By Ross Garrett (Managing Partner)
Workday just purchased Adaptive Insights a leading provider of Enterprise Performance Management (EPM) software (or for normal people a budgeting tool). Many articles will be written about the synergies and market expansion this will create. However, statements by the CEOs of both companies should clearly demonstrate why people who say upstarts can destroy Workday have no idea what they are talking about. (All statements about the purchase are from this webcast the CEOs did found in Workday’s investor relations.).
For a quick history lesson, Workday purchased GridCraft in June 2015 to create a spreadsheet in their application for a budgeting tool. For the last 3 years they have been working on the product called Workday Planning. It has been very successful for HCM and headcount planning, but has struggled on the financial planning side. After 3 years, when buying Adaptive, Workday said that their planning tool would be accelerated 2+ years by the technology. They essentially abandoned their in-house tool for financials and relegated it to HCM only.
Articles are regularly written that upstarts will destroy Workday or that a deep pocketed competitor can easily just spend money and develop a competitor quickly. The Adaptive purchase should prove both of these theories are wildly inaccurate.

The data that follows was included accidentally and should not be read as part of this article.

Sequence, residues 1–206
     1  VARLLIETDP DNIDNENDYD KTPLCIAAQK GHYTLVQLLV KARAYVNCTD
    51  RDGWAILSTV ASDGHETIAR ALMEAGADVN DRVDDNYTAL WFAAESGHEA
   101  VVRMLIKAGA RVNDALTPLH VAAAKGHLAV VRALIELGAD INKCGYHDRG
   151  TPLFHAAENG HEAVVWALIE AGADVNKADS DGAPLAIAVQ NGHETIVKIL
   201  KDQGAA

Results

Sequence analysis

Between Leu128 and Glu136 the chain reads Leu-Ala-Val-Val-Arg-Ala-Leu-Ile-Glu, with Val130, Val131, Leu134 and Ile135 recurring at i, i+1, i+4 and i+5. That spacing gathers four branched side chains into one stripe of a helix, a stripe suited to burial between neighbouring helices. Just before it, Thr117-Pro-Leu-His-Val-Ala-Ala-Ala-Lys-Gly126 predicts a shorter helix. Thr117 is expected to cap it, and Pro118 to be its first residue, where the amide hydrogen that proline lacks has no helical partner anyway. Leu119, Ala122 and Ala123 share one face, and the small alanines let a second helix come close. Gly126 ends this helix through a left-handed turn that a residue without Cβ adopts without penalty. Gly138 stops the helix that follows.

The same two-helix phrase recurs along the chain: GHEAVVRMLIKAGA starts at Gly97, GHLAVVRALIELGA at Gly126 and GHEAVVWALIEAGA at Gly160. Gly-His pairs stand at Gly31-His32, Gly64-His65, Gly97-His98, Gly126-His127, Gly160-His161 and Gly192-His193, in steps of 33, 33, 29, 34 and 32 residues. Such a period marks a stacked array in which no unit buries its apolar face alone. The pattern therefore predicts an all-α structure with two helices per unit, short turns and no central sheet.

Workday, who sells $2 billion dollars of SaaS in this space, did one acquisition and spent 3 years of developer time on an EPM tool and just threw in the towel. This same company has delivered successful HCM, Payroll, Applicant Tracking, and Financial applications. Adaptive Insights had revenue of ~$170 million. Workday probably has at least 4 products of that size already. One would imagine they were uniquely positioned to execute and they couldn’t do it. Workday didn’t say they could never have caught up, but they did admit customers wanted a better tool right now so they had to make a splash.
What does this tell us about Workday’s competitors both small and large? Replicating the very complex business logic, scalability, usability, security, and the connectivity to other systems required of enterprise business applications is very difficult. To effectively overtake Workday you’d have to do it for many applications. Oracle is a good example. For years they’ve tried to get the PeopleSoft ecosystem onto their platforms, and they just announced another attempt to convince them to go to Fusion ERP. That acquisition shows that it can be very difficult to just pick up a technology and easily change its direction in this space.
Despite the fact that there are many applications in this space competitors cannot just easily replicate the Workday formula. What Workday has built is very unique and would take truly exceptional execution to match. However, in the next article in the series we’ll discuss a real concern that bears should be interested in when evaluating Workday.